Another dog: A new companion likely won’t help either. Separation from you, rather than being alone, is usually what triggers her anxiety.

Punishment: Punishing your dog won’t help and could make things worse. Remember her behaviour isn’t done to get back at you for being left alone; it’s an uncontrollable response to fear or uncertainty.

Radio/TV noise: Leaving the radio or television on won’t help.

Obedience training: Formal training is important for many reasons, but not as a solution to separation anxiety. As noted above, disobedience or lack of training doesn’t cause true separation anxiety. (Although a dog that has learned to trust your leadership will also have learned to lie down and stay which can be calming for them)

Comfort and affection: Although this may work for humans and make you feel better, it reinforces the belief in your dog there is something to be worried about.

Ways to Treat Minor Separation Anxiety

  • Leave something that smells like you, such as an article of clothing, for your dog.
  • Establish a safety cue—a word or action that you use every time you leave that tells your dog you’ll be back.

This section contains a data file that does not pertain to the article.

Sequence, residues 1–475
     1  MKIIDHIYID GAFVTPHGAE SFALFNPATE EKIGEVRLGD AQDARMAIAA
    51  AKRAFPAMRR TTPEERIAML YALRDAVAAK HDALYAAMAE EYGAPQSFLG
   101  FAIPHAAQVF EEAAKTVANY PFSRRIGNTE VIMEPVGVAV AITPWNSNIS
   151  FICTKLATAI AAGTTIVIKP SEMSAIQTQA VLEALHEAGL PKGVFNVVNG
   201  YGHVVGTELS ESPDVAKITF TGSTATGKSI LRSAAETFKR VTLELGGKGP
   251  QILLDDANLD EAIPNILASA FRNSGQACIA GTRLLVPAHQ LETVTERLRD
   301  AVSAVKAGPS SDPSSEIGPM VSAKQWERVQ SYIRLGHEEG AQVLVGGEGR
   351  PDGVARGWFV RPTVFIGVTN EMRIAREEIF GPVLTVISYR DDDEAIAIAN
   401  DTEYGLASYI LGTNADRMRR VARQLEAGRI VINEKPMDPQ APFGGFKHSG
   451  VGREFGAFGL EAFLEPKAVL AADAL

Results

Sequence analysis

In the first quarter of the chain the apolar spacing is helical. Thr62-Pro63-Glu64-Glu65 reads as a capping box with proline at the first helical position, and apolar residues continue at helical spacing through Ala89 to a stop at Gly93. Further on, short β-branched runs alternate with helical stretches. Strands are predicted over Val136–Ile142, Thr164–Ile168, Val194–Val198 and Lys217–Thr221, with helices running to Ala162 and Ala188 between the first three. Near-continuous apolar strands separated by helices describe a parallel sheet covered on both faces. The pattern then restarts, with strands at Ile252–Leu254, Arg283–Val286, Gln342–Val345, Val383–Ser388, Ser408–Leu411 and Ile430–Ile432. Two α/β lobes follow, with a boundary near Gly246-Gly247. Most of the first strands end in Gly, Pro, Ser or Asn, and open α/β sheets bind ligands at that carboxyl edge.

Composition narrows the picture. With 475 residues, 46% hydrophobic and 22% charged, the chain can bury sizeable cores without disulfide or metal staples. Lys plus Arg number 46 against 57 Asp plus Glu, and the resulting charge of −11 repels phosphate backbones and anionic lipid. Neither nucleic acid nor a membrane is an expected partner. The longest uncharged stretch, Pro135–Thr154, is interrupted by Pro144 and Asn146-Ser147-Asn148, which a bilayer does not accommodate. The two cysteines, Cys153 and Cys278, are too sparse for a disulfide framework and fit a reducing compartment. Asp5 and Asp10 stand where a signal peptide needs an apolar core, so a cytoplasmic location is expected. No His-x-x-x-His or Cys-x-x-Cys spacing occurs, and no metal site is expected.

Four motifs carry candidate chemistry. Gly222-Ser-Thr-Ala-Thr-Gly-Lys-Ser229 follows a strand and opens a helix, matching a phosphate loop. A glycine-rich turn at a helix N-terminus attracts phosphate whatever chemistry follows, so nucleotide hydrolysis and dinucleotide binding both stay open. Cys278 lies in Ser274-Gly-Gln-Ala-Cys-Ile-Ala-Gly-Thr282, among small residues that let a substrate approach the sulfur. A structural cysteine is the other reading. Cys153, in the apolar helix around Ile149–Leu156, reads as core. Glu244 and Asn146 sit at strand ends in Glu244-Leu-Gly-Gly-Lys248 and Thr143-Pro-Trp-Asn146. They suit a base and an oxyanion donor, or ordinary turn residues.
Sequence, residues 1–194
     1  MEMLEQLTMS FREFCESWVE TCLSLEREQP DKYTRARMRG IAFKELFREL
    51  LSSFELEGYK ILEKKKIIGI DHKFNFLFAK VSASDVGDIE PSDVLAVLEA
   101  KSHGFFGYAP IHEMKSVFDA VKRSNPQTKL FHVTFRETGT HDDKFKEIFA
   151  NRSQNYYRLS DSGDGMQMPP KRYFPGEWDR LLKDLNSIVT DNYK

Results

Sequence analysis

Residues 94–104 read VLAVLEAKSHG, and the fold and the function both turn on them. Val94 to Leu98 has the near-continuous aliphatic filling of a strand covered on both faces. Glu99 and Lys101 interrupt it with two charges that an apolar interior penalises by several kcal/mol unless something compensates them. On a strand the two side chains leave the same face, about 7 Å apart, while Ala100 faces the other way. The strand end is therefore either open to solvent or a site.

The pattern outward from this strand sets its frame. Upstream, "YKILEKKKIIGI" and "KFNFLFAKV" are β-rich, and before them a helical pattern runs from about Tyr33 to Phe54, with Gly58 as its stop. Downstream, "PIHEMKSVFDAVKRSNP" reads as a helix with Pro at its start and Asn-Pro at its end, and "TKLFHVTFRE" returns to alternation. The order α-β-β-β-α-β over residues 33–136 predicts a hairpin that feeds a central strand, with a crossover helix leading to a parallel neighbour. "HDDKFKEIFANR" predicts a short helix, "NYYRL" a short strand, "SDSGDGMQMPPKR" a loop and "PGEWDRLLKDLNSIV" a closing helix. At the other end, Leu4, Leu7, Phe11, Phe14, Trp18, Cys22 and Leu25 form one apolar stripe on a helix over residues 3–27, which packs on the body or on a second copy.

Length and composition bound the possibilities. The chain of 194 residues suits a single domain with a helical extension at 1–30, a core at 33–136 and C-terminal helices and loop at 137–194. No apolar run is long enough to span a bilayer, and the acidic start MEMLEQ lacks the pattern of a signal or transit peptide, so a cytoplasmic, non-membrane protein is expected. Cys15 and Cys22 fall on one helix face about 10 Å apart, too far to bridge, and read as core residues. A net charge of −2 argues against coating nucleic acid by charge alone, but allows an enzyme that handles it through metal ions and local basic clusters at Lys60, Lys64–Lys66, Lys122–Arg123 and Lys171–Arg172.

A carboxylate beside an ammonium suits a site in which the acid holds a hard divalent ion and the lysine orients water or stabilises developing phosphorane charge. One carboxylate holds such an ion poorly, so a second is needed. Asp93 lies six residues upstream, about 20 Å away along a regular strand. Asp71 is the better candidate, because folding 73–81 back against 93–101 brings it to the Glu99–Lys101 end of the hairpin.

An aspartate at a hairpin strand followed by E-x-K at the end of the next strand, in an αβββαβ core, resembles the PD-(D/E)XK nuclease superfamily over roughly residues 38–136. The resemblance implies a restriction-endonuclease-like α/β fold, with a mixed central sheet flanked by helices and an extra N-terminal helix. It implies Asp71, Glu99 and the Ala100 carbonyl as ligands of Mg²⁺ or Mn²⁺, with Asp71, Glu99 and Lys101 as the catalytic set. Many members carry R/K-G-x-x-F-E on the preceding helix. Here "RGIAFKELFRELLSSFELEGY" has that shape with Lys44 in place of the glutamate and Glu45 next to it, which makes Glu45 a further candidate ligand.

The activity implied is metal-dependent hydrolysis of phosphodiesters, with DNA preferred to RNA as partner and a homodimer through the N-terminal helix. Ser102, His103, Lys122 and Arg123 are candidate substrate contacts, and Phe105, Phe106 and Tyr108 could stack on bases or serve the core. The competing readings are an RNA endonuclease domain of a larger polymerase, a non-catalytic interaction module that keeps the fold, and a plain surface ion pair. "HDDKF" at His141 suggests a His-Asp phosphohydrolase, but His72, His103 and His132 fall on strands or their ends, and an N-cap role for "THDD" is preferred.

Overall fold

• When you come home or leave the house, don’t make a big deal of it. So for example, try ignoring your dog after arriving home. After waiting a few minutes, calmly pet her.
  • If you are like me and would prefer not to use drugs, try a more holistic approach and try a change of diet, the use of lavender collars, thunder shirts or other natural calming remedies.

Dealing With More Severe Anxiety

  • Use the sit-stay and down-stay commands, providing positive reinforcement, to help him learn to remain calm in one place while you’re in another room.
  • To limit the destruction your dog can cause, establish a safe place in your home. Ideally, the room will have a window, toys to play with and other distractions to keep Fido occupied. Believe it or not, the smell of dirty laundry can be calming, so consider leaving the hamper in the room as well!
  • Some dogs like the safety and security of being in a crate. While you are away, they can relax and feel they don’t have to “take care” of the house. They aren’t left to pace, bark at everything passing by outside or be destructive. However, some dogs with severe anxiety can hurt themselves trying to get out of their crate. If this is the case, a crate is not recommended.
  • Take your dog to a doggie day care facility when you have to be away.
  • Ask your veterinarian about anti-anxiety drugs. The right medication shouldn’t sedate your dog, just reduce overall anxiety. This consideration should be last on your list in my opinion.

Treating separation anxiety takes patience. Stick with it! If you are starting out with a new puppy, you may be able to avoid dealing with separation anxiety by exhibiting strong leadership and instilling a sense of confidence in your dog by treating him how he likes to be treated….as a dog!

If your dog suffers from anxiety, don’t hesitate to get in touch with us should you need advice or support.